27 Pa. Code § 27.8(a): A person who violates any provision of the [Disease Prevention and Control Act of 1955] shall, for each offense, upon conviction thereof in a summary proceeding before a district justice in the county wherein the offense was committed, be sentenced to pay a fine of not less than $25 and not more than $300, together with costs, and in default of payment of the fine and costs, shall be imprisoned in the county jail for a period not to exceed 30 days.
B. The Administrative Code:
71 P. S. § 1409: Every person who violates any order or regulation of the Department of Health, or who resists or interferes with any officer or agent thereof in the performance of his duties in accordance with the regulations and orders of the Department of Health, shall, upon conviction thereof in a summary proceeding before a justice of the peace, alderman, or magistrate of the county wherein such violation or offense is committed, be sentenced to pay a fine of not less than ten ($10.00) dollars and costs nor more than fifty ($50.00) dollars and costs, such fine to be paid to the county in which the violation or offense is committed. In default of payment of such fine and costs the offender shall be sentenced to be confined in the proper county jail for a period of thirty days.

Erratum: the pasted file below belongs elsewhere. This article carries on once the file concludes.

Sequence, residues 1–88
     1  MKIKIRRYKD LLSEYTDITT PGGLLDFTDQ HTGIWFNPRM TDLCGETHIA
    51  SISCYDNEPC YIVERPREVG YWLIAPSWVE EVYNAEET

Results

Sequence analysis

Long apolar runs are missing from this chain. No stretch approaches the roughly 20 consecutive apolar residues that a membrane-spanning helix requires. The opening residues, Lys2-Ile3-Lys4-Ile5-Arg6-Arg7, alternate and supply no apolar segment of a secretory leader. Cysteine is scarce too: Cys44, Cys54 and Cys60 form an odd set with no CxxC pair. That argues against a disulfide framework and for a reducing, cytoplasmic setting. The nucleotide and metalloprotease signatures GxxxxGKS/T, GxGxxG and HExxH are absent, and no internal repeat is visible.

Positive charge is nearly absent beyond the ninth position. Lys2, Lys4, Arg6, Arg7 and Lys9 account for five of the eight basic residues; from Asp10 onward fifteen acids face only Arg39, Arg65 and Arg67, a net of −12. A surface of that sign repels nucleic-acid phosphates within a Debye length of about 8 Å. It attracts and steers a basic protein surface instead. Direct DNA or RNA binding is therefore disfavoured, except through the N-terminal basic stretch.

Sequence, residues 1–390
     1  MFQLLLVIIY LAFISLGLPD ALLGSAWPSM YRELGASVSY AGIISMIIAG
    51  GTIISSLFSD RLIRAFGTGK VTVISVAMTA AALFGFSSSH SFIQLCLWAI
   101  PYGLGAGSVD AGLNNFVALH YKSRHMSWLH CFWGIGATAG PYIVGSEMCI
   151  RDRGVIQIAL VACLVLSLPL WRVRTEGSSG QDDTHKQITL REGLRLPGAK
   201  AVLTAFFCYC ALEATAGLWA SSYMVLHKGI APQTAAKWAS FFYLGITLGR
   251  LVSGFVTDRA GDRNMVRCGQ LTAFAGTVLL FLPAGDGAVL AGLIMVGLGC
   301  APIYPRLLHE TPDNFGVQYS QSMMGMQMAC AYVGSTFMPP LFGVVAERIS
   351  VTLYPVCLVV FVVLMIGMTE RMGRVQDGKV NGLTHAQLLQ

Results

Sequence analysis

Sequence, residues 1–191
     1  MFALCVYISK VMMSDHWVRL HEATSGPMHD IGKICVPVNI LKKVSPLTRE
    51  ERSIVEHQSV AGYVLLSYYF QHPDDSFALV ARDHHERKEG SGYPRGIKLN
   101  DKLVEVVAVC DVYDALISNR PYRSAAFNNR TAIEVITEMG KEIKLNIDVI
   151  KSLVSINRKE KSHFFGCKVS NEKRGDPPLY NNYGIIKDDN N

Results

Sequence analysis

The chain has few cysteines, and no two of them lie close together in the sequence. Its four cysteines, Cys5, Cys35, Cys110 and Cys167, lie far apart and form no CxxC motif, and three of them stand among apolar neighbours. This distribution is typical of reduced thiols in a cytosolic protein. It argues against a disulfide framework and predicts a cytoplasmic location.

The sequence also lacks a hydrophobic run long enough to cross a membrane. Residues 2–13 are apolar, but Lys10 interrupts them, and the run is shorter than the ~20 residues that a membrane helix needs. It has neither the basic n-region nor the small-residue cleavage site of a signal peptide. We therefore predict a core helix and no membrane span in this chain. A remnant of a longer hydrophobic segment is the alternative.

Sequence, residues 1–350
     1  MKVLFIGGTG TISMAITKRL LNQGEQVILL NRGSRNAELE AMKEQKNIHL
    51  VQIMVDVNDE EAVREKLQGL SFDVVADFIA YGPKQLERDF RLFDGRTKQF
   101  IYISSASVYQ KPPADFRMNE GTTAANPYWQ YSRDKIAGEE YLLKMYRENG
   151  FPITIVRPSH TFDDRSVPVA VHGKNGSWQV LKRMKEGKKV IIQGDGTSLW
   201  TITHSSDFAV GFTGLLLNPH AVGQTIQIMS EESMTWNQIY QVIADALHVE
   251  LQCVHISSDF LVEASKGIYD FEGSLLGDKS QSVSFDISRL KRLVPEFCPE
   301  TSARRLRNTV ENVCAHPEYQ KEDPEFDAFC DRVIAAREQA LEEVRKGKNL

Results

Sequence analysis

C. The Liquor Code: 47 P.S. § 4-462: